Using the same proven methods that were used years before to detect the extent of the rat problem on Palmyra, scientists conducted surveys over a month-long period this summer and confirmed that the entire atoll is currently rat-free. In the tropical climate at Palmyra, rats reproduce approximately once every 3-4 months, so conducting surveys one year after the removal effort is sufficient time to detect rats remaining on the atoll. During the summer, the project partners established a network of 286 rat monitoring stations that covered the entire atoll. Each station was checked four times during the course of one month. Aside from the detection stations, team members spent hundreds of hours scouring the atoll for indicators of rat presence. In accordance with observations of the recovery of native species over the past year that suggested that the project was successful, the recent monitoring found no rats after one year.
"Millions of seabirds, trees, crabs and other native species can now thrive in their home without the threat of being eaten by rats. Staff and visitors to the atoll have seen a large increase in the numbers of crabs, insects, seedlings and seabirds. Our collective efforts to bring balance back to Palmyra are working. The scientific rigor, attention to detail, and collaboration is a testament to the integrity and cooperative nature of our partnership," said Suzanne Case, Executive Director of The Nature Conservancy's Hawai'i program.
Dramatic increases already observed
The University of California Santa Cruz Coastal Conservation Action Lab (UCSC-CCAL) is monitoring the response of Palmyra's terrestrial ecosystem by comparing measures of seabird, shorebird, and plant populations taken before and after rat removal. In the summer of 2012 they found dramatic increases, including:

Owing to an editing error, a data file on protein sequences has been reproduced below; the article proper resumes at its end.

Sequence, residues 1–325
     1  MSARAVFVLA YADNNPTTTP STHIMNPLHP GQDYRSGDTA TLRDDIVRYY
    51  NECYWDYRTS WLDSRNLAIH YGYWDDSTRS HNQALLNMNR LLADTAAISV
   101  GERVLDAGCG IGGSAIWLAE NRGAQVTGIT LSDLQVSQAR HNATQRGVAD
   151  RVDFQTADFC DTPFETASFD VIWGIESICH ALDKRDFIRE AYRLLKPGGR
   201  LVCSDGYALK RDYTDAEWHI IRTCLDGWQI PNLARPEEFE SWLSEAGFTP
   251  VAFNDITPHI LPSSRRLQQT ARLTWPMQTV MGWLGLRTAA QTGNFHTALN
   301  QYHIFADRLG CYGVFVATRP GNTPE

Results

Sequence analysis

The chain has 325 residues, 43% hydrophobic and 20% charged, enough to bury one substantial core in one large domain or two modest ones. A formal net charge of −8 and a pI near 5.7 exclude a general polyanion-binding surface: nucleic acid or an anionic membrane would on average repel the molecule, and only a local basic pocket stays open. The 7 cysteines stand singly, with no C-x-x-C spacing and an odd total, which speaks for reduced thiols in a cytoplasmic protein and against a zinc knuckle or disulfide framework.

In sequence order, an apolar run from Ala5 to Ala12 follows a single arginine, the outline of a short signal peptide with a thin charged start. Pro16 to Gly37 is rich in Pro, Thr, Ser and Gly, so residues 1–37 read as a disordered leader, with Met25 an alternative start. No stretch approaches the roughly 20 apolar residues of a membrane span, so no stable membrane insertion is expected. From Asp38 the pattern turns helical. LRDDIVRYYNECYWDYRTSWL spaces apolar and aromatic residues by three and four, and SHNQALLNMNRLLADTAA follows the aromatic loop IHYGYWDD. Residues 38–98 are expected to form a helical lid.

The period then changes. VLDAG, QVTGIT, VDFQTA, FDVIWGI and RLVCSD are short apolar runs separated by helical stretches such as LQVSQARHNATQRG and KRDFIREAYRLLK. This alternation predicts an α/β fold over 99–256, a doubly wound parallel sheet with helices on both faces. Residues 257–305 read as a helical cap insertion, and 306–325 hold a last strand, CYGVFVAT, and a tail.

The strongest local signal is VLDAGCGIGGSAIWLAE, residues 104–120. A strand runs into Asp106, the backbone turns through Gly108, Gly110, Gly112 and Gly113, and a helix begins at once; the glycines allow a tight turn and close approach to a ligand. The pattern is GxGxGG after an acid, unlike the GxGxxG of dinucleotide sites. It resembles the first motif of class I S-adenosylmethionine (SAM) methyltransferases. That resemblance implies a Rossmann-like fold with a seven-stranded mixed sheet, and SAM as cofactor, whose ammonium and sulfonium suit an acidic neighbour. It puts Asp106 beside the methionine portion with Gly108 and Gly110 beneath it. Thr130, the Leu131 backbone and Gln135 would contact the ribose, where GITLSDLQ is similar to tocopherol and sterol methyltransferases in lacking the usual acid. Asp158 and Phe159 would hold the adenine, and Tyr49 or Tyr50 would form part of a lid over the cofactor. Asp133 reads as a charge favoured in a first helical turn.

- Over 130% increase in native tree seedlings (Palmyra has ten locally rare native tree species), and the first record of Pisonia seedlings (no seedlings were observed in 2007 prior to rat removal);
- A 367% increase in arthropods (such as insects, spiders, and crabs); and
- No change in Bristle-thighed Curlews found at Palmyra (special care was taken to ensure this imperilled species was not negatively impacted by the rat removal project)
"With the atoll free of rats, we are already seeing a dramatic increase in many things that rats preyed upon: nesting seabirds, migratory shorebirds, native tree seedlings, and small invertebrates like fiddler crabs. The island is truly rebounding," said Gregg Howald, North America Regional Director, Island Conservation.
Although Palmyra is rat-free today, the threat of re-introducing rats or other invasive species is present anytime a boat or airplane travels to the atoll. A detailed biosecurity plan is in place to minimize the threat of non-native species being introduced to the atoll.
The removal of introduced species, such as black rats, is a proven, effective conservation tool that has been successful on numerous islands across the globe, including the Galapagos archipelago, a multitude of islands in New Zealand, the Channel Islands off the coast of California, and Hawadax Island (formerly ‘Rat Island') of the Aleutian Island chain in the Alaska Maritime National Wildlife Refuge.